But the movements that Opie is photographing have had successes. The gay-rights movement has prompted some states to approve gay marriage, and in December, Congress voted to end the 17-year ban on homosexuals serving openly in the military. Obama's inauguration marked a gigantic victory in America's centuries-long struggle toward racial equality. The Tea Party — a movement on the opposite side of the divide from Opie — has made taxes and government spending the center of government debate, and in the 2010 elections it claimed some four dozen seats in Congress.
At Obama's inauguration, Opie isolates African-Americans in the crowd. A woman seems annoyed that Opie is taking her picture. A man appears in serious contemplation. Then Opie expands her scope for an image showing the backs of people in the dwindling crowd on the littered National Mall after the inauguration was over, watching a giant TV broadcasting the Obamas smiling and waving in a parade. It feels like the morning after in America.
One way to define art is as antiquated and supplanted communications technologies that refuse to die. This definition doesn't hold for everything, but consider painting, letterpress printing, etching, large-format photography, and the ICA's "The Record: Contemporary Art and Vinyl." Now that phonograph records have been all but replaced by digital media, they can be rediscovered as art. The show was organized by Trevor Schoonmaker of Duke University's Nasher Museum, who insists he's no record geek and didn't until recently own a turntable.
You can tell. The exhibit doesn't have the screaming passion of teenybopper fans or the erudite obsessiveness of the 33 1/3 book series. Instead, it feels like a show by and for people who never spent hours staring at album covers, who never put on music to set the mood for spending the night together. It's about records as, I don't know, home furnishings? See Moyra Davey's photos of record collections that are more concerned with the surface look of the objects than with their heart-grabbing power.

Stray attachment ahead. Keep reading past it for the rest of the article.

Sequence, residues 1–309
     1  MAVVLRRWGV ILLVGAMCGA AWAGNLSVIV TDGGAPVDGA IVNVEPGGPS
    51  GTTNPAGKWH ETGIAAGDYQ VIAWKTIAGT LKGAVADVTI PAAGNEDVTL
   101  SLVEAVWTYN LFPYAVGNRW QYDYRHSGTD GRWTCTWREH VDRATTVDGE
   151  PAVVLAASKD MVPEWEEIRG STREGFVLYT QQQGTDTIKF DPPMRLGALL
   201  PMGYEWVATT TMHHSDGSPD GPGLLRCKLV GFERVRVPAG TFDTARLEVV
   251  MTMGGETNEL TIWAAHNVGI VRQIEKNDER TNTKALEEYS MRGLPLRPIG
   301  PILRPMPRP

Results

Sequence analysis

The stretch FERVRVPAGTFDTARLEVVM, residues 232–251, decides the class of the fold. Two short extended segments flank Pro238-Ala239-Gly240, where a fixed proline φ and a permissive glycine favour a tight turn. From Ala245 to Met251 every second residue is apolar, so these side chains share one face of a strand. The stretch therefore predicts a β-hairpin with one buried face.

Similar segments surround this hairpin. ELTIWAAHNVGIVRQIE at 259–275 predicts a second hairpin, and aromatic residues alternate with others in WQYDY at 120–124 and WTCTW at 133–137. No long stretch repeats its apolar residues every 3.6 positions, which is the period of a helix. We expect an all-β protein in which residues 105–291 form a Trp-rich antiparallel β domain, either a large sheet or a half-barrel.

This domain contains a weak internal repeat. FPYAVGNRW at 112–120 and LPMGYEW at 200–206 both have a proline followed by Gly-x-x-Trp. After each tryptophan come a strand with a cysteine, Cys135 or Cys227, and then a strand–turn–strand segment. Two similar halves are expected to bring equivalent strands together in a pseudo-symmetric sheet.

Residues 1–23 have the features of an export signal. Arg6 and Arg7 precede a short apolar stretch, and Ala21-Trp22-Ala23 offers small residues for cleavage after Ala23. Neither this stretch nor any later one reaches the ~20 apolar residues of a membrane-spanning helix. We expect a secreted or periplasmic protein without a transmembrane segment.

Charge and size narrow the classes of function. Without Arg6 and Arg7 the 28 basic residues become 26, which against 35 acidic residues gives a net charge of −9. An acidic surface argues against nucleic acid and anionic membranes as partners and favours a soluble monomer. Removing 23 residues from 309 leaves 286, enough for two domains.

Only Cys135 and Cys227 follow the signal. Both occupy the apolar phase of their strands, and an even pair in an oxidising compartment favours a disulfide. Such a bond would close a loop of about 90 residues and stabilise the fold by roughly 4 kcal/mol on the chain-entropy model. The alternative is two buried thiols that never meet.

Which may be why the show has an appetite for the destruction of rare vinyl. Yukio Fujimoto sands off the grooves of copies of John Lennon, David Bowie, and Leonard Cohen records. Tim Lee chops up Public Enemy's 1990 album Fear of a Black Planet and reassembles the vinyl rings into a '50s modern atomic diagram. Sean Duffy turns Sun records of Johnny Cash, Carl Perkins, and Elvis into a mid-century modern satellite chandelier. Even as sculptures, they feel like covers of '50s greatest hits.
There's an undeniable voodoo power in Dario Robleto's Sometimes Billie Is All That Holds Me Together (1998-'99), for which he melted down Billie Holiday records to turn them into buttons for found or thrift-store shirts that he returned, with the new buttons, to where he got them. Robleto's idea is that the spirit of the records would be alchemically transferred to this cast-off clothing, and there's something to it, but if you really love vinyl, it feels like heartbreaking vandalism.
Certainly pop music has its own passion for destruction — but it's the ecstatic, cathartic guitar smashing of youth rebellion, of imagined revolutions. Taiya Kimura gets closest to this in his slapstick video Haunted by You. He replaces the arm on a record player with a raw turkey leg. He fastens a rope around his neck to a spinning turntable, which then strangles him.